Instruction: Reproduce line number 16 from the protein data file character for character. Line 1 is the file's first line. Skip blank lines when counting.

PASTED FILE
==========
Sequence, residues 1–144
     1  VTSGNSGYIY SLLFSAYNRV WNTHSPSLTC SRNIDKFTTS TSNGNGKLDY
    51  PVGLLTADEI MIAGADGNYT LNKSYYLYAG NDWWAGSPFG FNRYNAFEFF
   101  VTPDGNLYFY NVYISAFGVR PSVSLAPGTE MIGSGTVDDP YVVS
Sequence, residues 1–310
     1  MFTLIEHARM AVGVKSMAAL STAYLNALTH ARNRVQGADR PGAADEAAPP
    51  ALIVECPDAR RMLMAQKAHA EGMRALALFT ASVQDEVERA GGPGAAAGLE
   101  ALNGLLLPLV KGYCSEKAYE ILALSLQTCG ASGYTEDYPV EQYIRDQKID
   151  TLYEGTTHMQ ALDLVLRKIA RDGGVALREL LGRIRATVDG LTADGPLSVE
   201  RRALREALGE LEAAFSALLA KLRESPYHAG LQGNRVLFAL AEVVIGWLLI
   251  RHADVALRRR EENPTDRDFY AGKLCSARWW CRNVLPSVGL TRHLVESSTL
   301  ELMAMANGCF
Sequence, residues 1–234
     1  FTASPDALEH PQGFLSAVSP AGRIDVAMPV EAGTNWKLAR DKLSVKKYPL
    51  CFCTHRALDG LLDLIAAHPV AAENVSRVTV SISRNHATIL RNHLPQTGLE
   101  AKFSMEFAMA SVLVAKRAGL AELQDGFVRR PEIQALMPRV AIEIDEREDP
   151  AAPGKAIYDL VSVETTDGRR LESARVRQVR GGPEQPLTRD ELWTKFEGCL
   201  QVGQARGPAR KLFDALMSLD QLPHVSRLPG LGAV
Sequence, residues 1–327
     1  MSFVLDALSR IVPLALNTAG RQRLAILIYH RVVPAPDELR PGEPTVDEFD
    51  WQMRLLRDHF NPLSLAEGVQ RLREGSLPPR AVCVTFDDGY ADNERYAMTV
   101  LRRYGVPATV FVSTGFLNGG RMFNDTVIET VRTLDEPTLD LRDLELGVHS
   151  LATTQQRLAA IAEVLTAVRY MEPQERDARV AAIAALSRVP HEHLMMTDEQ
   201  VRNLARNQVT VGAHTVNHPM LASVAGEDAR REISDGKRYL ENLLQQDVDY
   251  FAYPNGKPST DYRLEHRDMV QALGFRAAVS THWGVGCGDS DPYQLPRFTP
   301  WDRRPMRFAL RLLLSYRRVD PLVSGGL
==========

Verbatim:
   101  AKFSMEFAMA SVLVAKRAGL AELQDGFVRR PEIQALMPRV AIEIDEREDP